Afterwards, they toured the AirVenture Museum, with its collection of 200 historic planes, photo galleries and flight simulators, before making their way to the show grounds to see all the aircrafts and the six F-16 Thunderbird jets perform their aerial displays.
Visiting the aircraft convention connects with the mission of the Querbes Scholars Program to foster personal growth, intellectual independence and faith enrichment for academically gifted students.The program, started in 2010, was named after the 19th‐century founder of the Clerics of St. Viator, Fr. Louis Querbes, C.S.V., of France. It began at the end of a yearlong observance of the 150th anniversary of Fr. Querbes’ death.
To be admitted, freshmen must score in the top seven percent on the Saint Viator entrance exam and receive a recommendation from their grade school principals. Querbes Scholars are grouped in their own homerooms and benefit from prominent speakers as well as trips outside the school, typically during the school year.

Students Return to Find Construction Under Way

The demolition is complete, but now construction begins.

Students returning to Saint Viator this school year, will find the former Red Lion Room is a hard hat area, as the 51-year old cafeteria transforms into the Fr. Louis Querbes Hall. Consequently, the Boler Center will convert into a cafeteria each day, with tables and chairs rolled out daily to accommodate the four lunch periods.

The temporary inconvenience will be worth it. Fr. Corey Brost, CSV, says its primary focus will be to provide a setting that promotes collaborative learning — before and after school — as well as a college-style food court to meet the nutritional needs of the current student body.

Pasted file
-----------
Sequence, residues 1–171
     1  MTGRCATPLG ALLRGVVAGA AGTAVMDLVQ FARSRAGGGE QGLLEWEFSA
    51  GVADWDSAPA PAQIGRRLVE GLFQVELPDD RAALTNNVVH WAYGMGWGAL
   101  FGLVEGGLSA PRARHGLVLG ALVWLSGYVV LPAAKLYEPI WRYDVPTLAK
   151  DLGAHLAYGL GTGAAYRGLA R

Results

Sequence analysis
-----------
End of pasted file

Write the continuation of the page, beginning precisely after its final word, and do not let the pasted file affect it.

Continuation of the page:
“Not only will we have a food court style dining hall that you find on many college campuses today,” Fr. Brost says, “but a technologically advanced space that will allow our students to work together on class assignments as well as meeting space for our growing co-curricular activities.”

Updating the cafeteria was one of the main goals of the Shaping the Future with Faith campaign, a $15 million investment that Saint Viator officials are making in its current and future students, thanks to the generosity of alumni, parents and friends of the school.

“These enhancements provide professional space that validates the collaborative learning style we are teaching our students,” says Mrs. Eileen Manno, principal. “These techniques ensure that our students not only do well at Saint Viator, but in college and in their professional lives.”

The vision for Querbes Hall came about once school officials started investigating the changes needed to be made to the food preparation area of the old cafeteria. They quickly realized the updates could not be made without substantially reducing the dining area.

To date, campaign improvements included the renovated Scanlan Center, as well as increasing the school’s overall endowment to $10 million.

“Updating the Scanlan Center and increasing our endowment, fits the spirit of Fr. Louis Querbes and the mission of Saint Viator High School,” Fr. Brost adds.

He points to the more than 100 students a week who receive additional, specialized academic assistance in the Scanlan Center. Additionally, the strength of the school’s endowment fund now allows for more than $1.3 million in tuition assistance to families in need.